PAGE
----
It's an impassioned account of her love for the dead poet and reflections on her new role as a literary widowDiary written by Thomas' wife for sale Aug 12, 2008
Though lovers be lost love shall not; And death shall have no dominionFilm of the Week: Clooney in 'Solaris' Nov 27, 2002
It's a tragedy that more than 35 million people in this country alone -- 12 million of those children -- often go to bed hungry and wake up each morning unsure of where their next meal is coming from. I join the good people of Feeding America in the hope that our efforts can bring some food security to people in need during this holiday seasonDylan's Christmas Oct 13, 2009
Dylan Marlais Thomas (27 October 1914 – 9 November 1953) was a Welsh poet and writer who wrote exclusively in English. In addition to poetry, he wrote short stories and scripts for film and radio, which he often performed himself. His public readings, particularly in America, won him great acclaim; his sonorous voice with a subtle Welsh lilt became almost as famous as his works. His best-known works include the "play for voices" Under Milk Wood and the celebrated villanelle for his dying father, "Do not go gentle into that good night". Appreciative critics have also noted the superb craftsmanship and compression of poems such as "In my Craft or Sullen Art" and the rhapsodic lyricism of "Fern Hill'".
Dylan Thomas was born at 5 Cwmdonkin Drive in the Uplands area of Swansea, South Wales, on 27 October 1914 just a few months after the Thomas family had bought the house. Uplands was, and still is, one of the more affluent areas of the city, away from the more industrial areas. His father, David John ('DJ') Thomas, was an English master who taught English literature at the local grammar school. His mother, Florence Hannah Thomas (née Williams), was a seamstress born in Swansea. Nancy, Thomas's sister, was nine years older than he. Their father brought up both children to speak English only, even though both parents also knew Welsh and DJ was known to give Welsh lessons at home.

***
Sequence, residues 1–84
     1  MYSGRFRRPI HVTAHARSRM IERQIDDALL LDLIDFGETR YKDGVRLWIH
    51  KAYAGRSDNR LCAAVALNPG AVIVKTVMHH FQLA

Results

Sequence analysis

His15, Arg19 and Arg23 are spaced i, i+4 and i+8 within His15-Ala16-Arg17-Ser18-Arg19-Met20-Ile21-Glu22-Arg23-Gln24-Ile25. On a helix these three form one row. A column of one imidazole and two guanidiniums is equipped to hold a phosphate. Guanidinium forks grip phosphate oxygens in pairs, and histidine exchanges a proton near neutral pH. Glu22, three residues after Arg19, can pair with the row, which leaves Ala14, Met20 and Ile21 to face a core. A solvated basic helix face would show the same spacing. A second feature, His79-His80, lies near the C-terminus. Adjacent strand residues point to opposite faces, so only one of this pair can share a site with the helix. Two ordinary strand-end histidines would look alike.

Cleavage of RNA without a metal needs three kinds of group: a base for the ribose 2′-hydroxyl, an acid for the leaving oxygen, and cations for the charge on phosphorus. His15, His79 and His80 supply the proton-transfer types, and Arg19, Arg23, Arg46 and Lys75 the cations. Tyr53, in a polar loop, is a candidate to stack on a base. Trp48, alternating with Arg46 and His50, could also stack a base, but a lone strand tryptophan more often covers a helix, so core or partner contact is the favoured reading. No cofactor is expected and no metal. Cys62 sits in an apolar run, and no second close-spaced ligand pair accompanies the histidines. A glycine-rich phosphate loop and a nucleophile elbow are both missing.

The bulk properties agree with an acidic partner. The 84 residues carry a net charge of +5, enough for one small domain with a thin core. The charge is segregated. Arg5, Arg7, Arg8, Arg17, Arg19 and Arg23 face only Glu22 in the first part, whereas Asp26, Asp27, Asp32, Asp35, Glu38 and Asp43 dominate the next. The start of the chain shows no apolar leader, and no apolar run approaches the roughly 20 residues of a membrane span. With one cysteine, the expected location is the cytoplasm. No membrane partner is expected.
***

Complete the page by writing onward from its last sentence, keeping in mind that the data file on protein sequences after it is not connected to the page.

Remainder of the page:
Dylan is pronounced ˈdəlan in Welsh, and in the early part of his career some announcers introduced him using this pronunciation. However, Thomas himself favoured the anglicised pronunciation English pronunciation: /ˈdɪlən/. A review of a biography by Andrew Lycett (2004) notes "Florence, the boy’s mother, had her doubts about the odd name: the correct Welsh pronunciation, which the family used, is “Dullan,” and she worried that other children would tease him by calling him “dull one.” Later, when broadcasting on the Welsh service of the BBC, Dylan Thomas had to instruct the announcers to say “Dillan,” the way he himself pronounced it". His middle name, Marlais, was given to him in honour of his great-uncle, Unitarian minister William Thomas, whose bardic name was Gwilym Marles.